Recently I picked up a copy of Def Leppard’s seminal 1983 album Pyromania. I had been waiting for years for it to show up in the iTunes or Amazon MP3 stores, to no avail. After hearing a couple songs in the pregame mix at a high school football game, I thought it was time to finally take the plunge and order the CD.
This was a big deal. First, I don’t buy CDs anymore. Second, Pyromania was the first cassette tape I ever bought, back in the summer of 1983. It’s a very important album in my musical development.
Fortunately, it holds up very well.1 It’s still a first-class rocker and an essential album for someone interested in the hard rock with a healthy dose of pop scene of the early 80s.
Listening to it nearly 30 years after its release opened up a whole new perspective on its songs. I had always believed it to be a straight-up heavy metal album. When you dig into it, though, you realize that it is much more than that. In fact, it is a deep rumination on the state of the British Empire in the early 80s.
What follows is by no measure a complete review, but I thought it would be interesting to dive into a few of the songs to support this assertion.
“Rock Rock (Till you Drop)” – They started off slow. This is a pretty standard plea to embrace every moment.
“Photograph” – Now we’re getting somewhere. This explores the temporal nature of our relationship with the world because of the controls government and big business place on the media. The device the band uses is the infamous Page Three girls, who were tools to distract the masses from the massive issues facing Britain.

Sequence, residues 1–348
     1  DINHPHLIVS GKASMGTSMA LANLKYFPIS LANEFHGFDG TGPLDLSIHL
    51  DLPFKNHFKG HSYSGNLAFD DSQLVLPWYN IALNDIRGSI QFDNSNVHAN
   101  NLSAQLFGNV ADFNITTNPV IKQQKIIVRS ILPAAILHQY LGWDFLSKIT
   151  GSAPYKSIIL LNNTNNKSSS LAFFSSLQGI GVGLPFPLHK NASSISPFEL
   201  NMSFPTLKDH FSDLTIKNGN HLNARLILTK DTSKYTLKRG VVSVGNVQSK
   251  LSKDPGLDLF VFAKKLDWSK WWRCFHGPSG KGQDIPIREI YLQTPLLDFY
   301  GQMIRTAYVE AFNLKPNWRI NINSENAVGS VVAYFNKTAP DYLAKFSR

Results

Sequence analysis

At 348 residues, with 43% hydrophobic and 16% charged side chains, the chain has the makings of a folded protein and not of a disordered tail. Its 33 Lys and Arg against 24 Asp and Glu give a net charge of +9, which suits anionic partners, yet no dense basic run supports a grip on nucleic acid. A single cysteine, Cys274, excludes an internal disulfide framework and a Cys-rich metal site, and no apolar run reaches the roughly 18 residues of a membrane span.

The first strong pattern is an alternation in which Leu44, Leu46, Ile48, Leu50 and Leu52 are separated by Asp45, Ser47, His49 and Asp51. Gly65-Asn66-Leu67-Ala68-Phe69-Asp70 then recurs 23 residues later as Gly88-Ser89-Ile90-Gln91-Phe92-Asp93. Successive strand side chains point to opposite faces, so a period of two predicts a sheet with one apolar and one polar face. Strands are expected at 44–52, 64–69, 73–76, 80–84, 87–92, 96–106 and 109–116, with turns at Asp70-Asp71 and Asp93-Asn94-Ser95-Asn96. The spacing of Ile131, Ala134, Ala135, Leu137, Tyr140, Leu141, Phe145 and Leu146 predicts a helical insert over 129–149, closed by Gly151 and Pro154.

“Foolin'” – Even in the early 80s, technology was already beginning to separate us. When Joe Elliott makes his plea, “Is anybody out there? Anybody there?” he speaks of a world where the traditional bonds of community have been destroyed by television and pop culture. The pain of his isolation when he asks, “Won’t you stay with me awhile?” is almost too much to take.
It’s not hard to hear the monotonous thwack of the cowbell in the chorus as the protagonist pounding on the walls that separate him from those around him. I would not be surprised if this served as an important point of inspiration for Radiohead when they were recording OK Computer.
“Rock of Ages” – This is clearly a warning that if the economic imbalance in British society didn’t change, and fast, the working class of cities like Leppard’s Sheffield were ready to take radical, destructive action to ensure their demands were heard. Was the burning sound at the end 10 Downing Street or Parliament or Buckingham Palace or just the working class neighborhoods of every British city left behind as the economy fell apart?
“Stagefright” – This is about being at a pub with your mates and needing to piss but some drunk bloke next to you in the men’s room keeps yammering on about Manchester United and you can’t get started.
“Too Late for Love” – An ode to the death of the idealism of the 1960s.
“Die Hard the Hunter” – Most take this to be the story of a soldier returned from combat who struggles to find his place in society. They key line “Put down your pistol, put down your toy” reveals the true message of this song. It is about the fears that a generation of youths were being turned into zombies by video games, and they were no longer able to differentiate fantasy from reality.
“Action Not Words” – A withering indictment of both Labour and Tory politicians who yammered endlessly in Parliament about what was wrong with Great Britain but did little to actually fix those problems.
“Billy’s Got a Gun” – A case against the reckless, cowboy militarism of the Thatcher-Reagan era.
Perhaps you hear different things when you listen to these songs. There is no doubting, though, that Pyromania is an all-time classic that carries much more weight that I realized when I was 12.
- Unlike the band’s next album Hysteria. That album sounds like shit today. ↩